Biographies of famous LGBT people
Most transsexual people will probably be able to name one figure whose writing most influenced and validated their own experiences at a formative point in their lives. Mine would be the historian and travel writer, Jan Morris.
Morris's book "Conundrum", first published in 1972. described in lavish detail the experience of discovering and pursuing her own true identity as a woman who just happened to have been born and brought up on the flawed evidence of her genitals.
Exceptional as such things still were in the 1960's and early 1970's -- when one had to go as far as Morocco for genital reconstruction -- Jan was no "ordinary" trans woman. Even before her famously recorded transition she had been, at one time or another, an Oxford chorister, military intelligence officer, and notable newspaper journalist. It was James Morris who, as a staff reporter seconded to the 1953 Everest expedition, claimed one of the century's greatest scoops, announcing that the mountain had finally been conquered on Coronation Day 1953.
For myself, it was this very demonstration of possibility, coupled with the strength of identification kindled by the description of her own perceptions, which helped me on the road to understanding my own self as a transsexual woman.
Being a transsexual person certainly wasn't easy in those days, 35 years ago. A legal precedent set by a divorce court in 1970 meant that, for all her achievements, and the respect she drew, Jan had to live her life still classified as legally male. People weren't very sure how to react to her either, with reactions varying from the befuddled to the downright obnoxious. Alan Whicker said he didn't know whether to shake her hand or kiss her cheek. Robin Day's attempt to quiz her on television, about her sex life, was just plain rude.
Yet none of that diminished Jan Morris's ability to pursue her career, which is the most valuable reassurance that anyone can give to a young trans person standing on the brink of following the same path to personal congruity. Christine Burns
For a more complete biographical account of Jan Morris's career see below
Jan Morris was born and Christened "James", a boy, in Clevedon, Somerset on October 2nd, 1926.
In the course of her life she has been at one time or another, an Oxford chorister, Welsh bard, military intelligence officer, newspaper journalist and critically-acclaimed author. Following a marriage (as James) to Elizabeth Tuckniss in 1949, Morris also parented five children, including the poet and musician Twm Morys.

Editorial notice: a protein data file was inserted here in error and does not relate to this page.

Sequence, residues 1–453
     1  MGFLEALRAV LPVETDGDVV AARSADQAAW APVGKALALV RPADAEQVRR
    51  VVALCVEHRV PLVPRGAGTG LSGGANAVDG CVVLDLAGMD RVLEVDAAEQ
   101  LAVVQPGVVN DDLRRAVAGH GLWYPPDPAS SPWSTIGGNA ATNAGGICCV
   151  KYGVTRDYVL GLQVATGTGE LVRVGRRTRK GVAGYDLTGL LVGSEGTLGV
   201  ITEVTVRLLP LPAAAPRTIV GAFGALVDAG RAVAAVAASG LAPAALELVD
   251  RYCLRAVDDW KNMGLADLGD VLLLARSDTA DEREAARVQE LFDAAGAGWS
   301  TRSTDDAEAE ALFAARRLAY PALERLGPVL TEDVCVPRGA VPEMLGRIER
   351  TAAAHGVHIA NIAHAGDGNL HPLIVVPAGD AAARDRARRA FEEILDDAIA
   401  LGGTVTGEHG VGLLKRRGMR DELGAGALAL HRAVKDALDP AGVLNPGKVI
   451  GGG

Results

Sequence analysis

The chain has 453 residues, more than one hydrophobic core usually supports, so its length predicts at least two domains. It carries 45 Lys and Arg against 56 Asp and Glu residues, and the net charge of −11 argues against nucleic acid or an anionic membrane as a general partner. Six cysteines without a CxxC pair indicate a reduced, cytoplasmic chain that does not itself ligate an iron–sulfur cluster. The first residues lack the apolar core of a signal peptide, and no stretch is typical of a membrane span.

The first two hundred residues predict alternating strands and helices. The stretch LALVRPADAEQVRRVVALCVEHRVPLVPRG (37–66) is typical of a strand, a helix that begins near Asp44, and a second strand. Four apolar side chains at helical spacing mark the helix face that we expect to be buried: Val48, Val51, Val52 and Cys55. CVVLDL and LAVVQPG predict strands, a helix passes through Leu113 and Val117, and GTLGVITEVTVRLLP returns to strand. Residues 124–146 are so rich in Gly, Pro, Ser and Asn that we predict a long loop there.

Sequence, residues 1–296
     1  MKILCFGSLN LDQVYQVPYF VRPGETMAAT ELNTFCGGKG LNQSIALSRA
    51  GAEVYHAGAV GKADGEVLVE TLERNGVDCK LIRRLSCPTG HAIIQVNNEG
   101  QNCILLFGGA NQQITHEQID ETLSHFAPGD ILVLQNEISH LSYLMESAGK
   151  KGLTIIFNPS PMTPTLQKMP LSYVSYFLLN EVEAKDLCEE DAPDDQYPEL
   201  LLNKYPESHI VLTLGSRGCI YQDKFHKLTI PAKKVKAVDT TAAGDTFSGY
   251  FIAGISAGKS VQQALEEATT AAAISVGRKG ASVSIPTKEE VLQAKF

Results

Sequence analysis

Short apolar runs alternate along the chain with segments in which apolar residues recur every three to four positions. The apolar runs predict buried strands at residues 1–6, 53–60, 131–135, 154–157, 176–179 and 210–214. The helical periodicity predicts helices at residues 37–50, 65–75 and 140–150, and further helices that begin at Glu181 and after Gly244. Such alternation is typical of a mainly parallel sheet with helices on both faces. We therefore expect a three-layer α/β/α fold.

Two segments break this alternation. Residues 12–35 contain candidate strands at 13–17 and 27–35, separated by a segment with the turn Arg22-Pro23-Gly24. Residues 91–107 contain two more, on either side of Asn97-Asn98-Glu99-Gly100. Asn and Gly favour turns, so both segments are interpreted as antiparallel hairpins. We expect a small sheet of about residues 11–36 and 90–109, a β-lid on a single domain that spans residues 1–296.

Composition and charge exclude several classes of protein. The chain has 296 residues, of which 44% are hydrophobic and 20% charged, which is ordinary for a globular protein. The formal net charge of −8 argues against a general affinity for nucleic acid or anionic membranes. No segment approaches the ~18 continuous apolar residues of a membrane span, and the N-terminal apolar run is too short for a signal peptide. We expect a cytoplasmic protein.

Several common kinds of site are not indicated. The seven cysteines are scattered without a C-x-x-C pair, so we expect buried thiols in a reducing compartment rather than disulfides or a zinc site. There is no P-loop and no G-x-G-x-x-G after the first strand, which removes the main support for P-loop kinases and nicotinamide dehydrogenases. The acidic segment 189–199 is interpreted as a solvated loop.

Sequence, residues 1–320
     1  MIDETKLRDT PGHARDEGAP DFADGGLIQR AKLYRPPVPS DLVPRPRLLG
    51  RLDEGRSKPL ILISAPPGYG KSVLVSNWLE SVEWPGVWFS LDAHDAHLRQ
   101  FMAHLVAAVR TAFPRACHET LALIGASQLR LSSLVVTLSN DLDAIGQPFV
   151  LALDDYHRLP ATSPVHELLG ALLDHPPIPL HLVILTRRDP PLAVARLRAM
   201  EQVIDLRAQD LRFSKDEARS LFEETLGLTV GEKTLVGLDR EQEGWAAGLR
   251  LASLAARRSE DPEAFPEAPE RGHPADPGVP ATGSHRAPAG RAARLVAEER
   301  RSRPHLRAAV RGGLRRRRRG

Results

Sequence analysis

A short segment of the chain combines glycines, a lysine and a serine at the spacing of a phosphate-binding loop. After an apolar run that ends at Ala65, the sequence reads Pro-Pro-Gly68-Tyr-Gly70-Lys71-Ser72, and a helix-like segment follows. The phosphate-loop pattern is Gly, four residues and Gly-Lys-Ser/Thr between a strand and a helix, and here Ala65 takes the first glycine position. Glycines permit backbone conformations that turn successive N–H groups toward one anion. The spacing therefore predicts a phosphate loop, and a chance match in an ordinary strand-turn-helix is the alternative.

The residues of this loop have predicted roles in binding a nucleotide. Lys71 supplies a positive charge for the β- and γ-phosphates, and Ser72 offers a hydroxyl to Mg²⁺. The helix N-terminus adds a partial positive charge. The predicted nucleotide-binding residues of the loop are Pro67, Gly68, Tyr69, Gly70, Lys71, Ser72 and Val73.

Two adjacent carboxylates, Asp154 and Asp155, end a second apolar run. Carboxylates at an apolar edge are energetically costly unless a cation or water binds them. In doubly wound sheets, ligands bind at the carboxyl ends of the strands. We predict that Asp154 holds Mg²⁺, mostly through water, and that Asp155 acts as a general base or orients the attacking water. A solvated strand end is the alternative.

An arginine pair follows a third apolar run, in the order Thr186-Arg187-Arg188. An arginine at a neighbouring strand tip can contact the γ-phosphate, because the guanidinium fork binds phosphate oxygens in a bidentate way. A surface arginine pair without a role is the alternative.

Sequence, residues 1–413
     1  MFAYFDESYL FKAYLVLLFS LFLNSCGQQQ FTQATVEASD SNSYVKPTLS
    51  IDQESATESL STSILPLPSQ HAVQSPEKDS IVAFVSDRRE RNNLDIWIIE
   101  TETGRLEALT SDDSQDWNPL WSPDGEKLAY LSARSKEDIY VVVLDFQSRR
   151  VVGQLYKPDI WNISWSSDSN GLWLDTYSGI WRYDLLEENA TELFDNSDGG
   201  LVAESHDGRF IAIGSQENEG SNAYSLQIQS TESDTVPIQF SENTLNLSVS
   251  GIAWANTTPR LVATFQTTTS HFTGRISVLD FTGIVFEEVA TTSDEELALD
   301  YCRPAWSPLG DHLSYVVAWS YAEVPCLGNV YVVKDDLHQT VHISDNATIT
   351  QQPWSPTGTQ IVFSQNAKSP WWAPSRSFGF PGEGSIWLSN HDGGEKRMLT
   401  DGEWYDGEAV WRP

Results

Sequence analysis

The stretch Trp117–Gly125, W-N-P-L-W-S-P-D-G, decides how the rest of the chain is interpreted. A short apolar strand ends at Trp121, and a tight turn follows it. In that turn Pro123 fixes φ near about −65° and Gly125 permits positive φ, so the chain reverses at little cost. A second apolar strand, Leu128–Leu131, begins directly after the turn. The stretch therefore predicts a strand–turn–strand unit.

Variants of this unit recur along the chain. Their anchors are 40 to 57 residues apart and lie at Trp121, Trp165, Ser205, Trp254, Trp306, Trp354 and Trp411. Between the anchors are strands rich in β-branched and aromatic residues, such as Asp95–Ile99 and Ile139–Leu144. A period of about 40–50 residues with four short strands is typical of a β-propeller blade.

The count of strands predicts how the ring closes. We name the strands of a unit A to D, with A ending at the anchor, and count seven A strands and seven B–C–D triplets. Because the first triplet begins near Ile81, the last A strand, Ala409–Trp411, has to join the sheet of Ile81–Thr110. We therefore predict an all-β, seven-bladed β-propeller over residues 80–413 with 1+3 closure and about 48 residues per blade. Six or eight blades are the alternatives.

Elizabeth, who understood and supported Jan's convictions about her gender from early in their relationship, has remained a loyal partner to Jan to this day.
As an historian and writer Morris is known particularly for the Pax Britannica trilogy, a history of the British Empire, and for portraits of cities, notably Oxford, Venice, Trieste and New York. As a journalist she also achieved widespread attention when, as a staff reporter seconded to John Hunt's 1953 Everest expedition, she claimed one of the century's greatest scoops, announcing that the mountain had finally been conquered on Coronation Day 1953.
James Humphrey Morris's famous transformation into Jan began with female hormones in the 1960's, culminated with genital reconstruction surgery in Casablanca in 1972 and was documented in the autobiography "Conundrum" that same year. For many transsexual people growing up in that era, and over the ensuing three decades, Conundrum was arguably the most influential book of its' kind, charting the experience of transition with the keen eye and descriptive skills of a professional journalist. The book was republished in 2002.
It is said that, at the time of her public transition, some colleagues and acquaintances found the prospect of meeting the newly transformed Jan Morris a daunting one. Alan Whicker said he didn't know whether to shake her hand or kiss her cheek. Former Oxford contemporary Robin Day's attempt to quiz her on television, about her sex life, was met with great anger.
Transition and surgical reassignment did nothing to damped Morris's talents as a writer, although some critics claim to see differences in style between James and Jan. Pax Britannia was in fact begun by James, the man,and completed by Jan, the woman.
Morris's range of titles as a writer is varied and extensive, with evocative profiles of Manhattan and Hong Kong standing alongside novels, like the satirical Our First Leader, a wry fictional look at an "independent" Wales, established after a Nazi invasion of Britain.
And Wales, the birthplace of her father, has become her physical and spiritual home. Though awarded a CBE in the 1999 Queen's Birthday Honours, Jan Morris's proudest achievement has been her election as a member of the Gorsedd of bards, Wales's cultural elite. She has also received honorary doctorates from the University of Wales and the University of Glamorgan and is a Fellow of the Royal Society of Literature.
In Search of England
Last Letters from Hav (novel)
Fifty Years of Europe: An Album The Venetian Empire (1980)
Fisher's Face Oxford (1965)
The Oxford Book of Oxford (editor)
The Matter of Wales
Lincoln: A Foreigner's Quest
Coast to Coast: A Journey Across 1950s America
Trieste and the Meaning of Nowhere
Hong Kong The World: Life and Travel 1950–2000
Pax Britannica trilogy:
The Climax of an Empire
Farewell the Trumpets
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